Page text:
PARK CITY — Jeret "Speedy" Peterson couldn't quit smiling last February when he found himself smack-dab, in the middle of his Olympic dream.
He worked hard, finishing ninth, and played hard, trying to soak up as much of the International atmosphere as possible. And when it was all over he walked into the locker room to change his clothes and passed out.
"I was just burned out," he said after qualifying in fifth place for the finals of the men's aerials at the 2003 World Championship at Deer Valley. "It was so much stress. I didn't even realize it. I take things 100 percent . . . I needed to back off a little."
So Peterson took a break. He went to school and did whatever it is a 22-year-old man wants.
"I just wanted to be a kid again," he said grinning, "go to school, just hang out."
Whatever he did worked wonders because Peterson was on the podium in the first World Cup of the season. And just a few months later, he's competing in World Championships with a lot of the same people that came to Utah last season for the Games. He expected Thursday's competition to feel like "just another World Cup."
"We pulled up and wow," he said. "I thought, 'I better get my head in the game.' It's honestly like the Olympics again. I feed off all of the people yelling."
And those who showed up to watch Thursday's event had a lot to yell about. Three of the four U.S. ski team's male aerialists qualified for finals in great position. Eric Bergoust, the 1998 Gold medalist, finished in third with a score of 244.16; Peterson is in fifth with 238.36; and Ryan St. Onge is in 10th with 232.56. Last year's silver medalist, Park City's Joe Pack, fell on his second jump and didn't qualify, finishing 15th. It's the first time Pack failed to get to the podium in an event at Deer Valley, where he is heralded as the Ambassador of Air.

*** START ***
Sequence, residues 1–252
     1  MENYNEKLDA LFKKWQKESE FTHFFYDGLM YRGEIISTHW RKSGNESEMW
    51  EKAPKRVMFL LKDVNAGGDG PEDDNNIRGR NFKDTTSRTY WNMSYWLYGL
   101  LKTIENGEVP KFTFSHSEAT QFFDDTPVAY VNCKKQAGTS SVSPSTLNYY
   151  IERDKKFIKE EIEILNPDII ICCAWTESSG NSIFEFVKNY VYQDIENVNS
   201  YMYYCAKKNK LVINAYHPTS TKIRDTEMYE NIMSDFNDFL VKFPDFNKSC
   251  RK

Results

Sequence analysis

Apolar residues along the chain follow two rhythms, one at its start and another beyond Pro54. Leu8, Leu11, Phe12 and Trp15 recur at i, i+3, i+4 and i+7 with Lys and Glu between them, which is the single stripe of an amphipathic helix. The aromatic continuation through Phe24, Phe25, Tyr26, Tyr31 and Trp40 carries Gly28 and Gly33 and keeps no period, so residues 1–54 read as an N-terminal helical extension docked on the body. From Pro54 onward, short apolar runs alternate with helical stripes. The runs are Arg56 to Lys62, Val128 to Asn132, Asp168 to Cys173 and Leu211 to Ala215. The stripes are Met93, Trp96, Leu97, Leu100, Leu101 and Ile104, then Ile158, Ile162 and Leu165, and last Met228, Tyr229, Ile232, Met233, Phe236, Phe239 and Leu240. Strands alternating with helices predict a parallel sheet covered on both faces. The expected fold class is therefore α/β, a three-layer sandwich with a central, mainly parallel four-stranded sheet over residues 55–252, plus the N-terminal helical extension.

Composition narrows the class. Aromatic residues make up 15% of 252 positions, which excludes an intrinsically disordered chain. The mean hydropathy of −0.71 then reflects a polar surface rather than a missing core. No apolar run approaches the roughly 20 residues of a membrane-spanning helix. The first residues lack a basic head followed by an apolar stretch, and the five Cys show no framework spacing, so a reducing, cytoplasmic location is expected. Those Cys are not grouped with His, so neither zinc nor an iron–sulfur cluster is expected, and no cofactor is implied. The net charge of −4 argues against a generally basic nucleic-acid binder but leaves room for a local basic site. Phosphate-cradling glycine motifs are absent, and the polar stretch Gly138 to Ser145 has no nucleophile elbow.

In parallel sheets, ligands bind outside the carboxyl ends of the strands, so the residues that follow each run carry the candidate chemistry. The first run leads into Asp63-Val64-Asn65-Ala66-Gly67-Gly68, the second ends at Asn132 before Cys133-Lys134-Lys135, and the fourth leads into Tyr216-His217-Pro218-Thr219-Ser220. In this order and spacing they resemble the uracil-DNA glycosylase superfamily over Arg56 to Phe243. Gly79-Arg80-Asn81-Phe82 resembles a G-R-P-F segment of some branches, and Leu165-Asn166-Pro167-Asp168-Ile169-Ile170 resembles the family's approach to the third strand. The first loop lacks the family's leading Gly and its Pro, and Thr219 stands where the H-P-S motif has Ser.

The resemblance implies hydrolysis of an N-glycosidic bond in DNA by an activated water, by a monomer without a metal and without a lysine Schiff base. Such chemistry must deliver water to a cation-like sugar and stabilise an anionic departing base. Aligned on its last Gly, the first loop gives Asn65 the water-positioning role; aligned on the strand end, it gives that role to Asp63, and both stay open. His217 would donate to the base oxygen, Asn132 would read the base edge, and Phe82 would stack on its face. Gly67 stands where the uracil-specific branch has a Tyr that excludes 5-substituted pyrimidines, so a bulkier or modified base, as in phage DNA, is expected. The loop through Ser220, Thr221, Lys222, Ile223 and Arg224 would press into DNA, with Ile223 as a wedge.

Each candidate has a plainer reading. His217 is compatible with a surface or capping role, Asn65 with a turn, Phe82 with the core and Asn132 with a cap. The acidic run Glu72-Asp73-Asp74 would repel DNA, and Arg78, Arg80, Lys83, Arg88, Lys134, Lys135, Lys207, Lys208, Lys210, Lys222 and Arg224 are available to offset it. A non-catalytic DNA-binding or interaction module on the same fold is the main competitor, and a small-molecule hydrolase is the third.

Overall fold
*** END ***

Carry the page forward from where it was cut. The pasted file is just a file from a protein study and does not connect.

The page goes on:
The women's side was a bit more disappointing with only Kate Reed finishing in the top 12. Reed finished eighth in a women's competition that was unbelievably competitive. Evelyne Leu, Switzerland, leads all aerialist with a new world record score of 206.34. Leu is one of the older jumpers and she is one of the first women to compete with triple tricks. She threw two triples Thursday to wow the crowd and the judges.
In second place for Saturday night's final is Alisa Camplin, Australia, the reigning Olympic gold medalist. She scored a 191.57, and holds a slight lead over Nina Li of China, who is currently ranked no. 1 in the world.
Like Peterson, Bergoust was a little depleted after the Games, but even more bothersome is a recurring neck injury that kept him flat on his back for three days last week. He said he may follow the lead of his younger teammate this spring and summer and just take some time off.
One of the most decorated aerialists, Bergoust said finishing 12th in last year's Games, "took a lot of motivation out of it for me."
He said he has a hard time psyching himself up for every competition when he knows there are three years until another Olympics.
"It's not like it makes me sad or bummed out, it's just I think, 'Why am I working so hard this week?' (World Cups) are just less important after 15 years on tour."
Last year's Olympic Gold medalist on the men's side hinted he might thrill the audience with the trick that won him last year's gold - a triple flip with five twists in it. The U.S. skiers know they have their work cut out for them as they head into Saturday's night competition which starts at 6 p.m.
"If we're getting out DDed (other skiers using a higher degree of difficulty)," said U.S. head freestyle coach Jeff Wintersteen, "that means we have to be perfect. But we're prepared to do that."
Despite some injuries and some burnout, the U.S. skiers expect to be in the hunt for Saturday's championship.
"We're not just looking for a World Cup experience," Peterson said. "We're looking for medals."